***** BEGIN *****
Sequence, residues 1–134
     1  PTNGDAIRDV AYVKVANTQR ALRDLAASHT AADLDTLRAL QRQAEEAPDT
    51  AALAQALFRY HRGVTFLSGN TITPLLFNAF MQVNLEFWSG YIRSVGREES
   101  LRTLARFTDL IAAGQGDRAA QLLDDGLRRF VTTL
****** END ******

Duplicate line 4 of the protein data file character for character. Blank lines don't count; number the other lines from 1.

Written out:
   101  LRTLARFTDL IAAGQGDRAA QLLDDGLRRF VTTL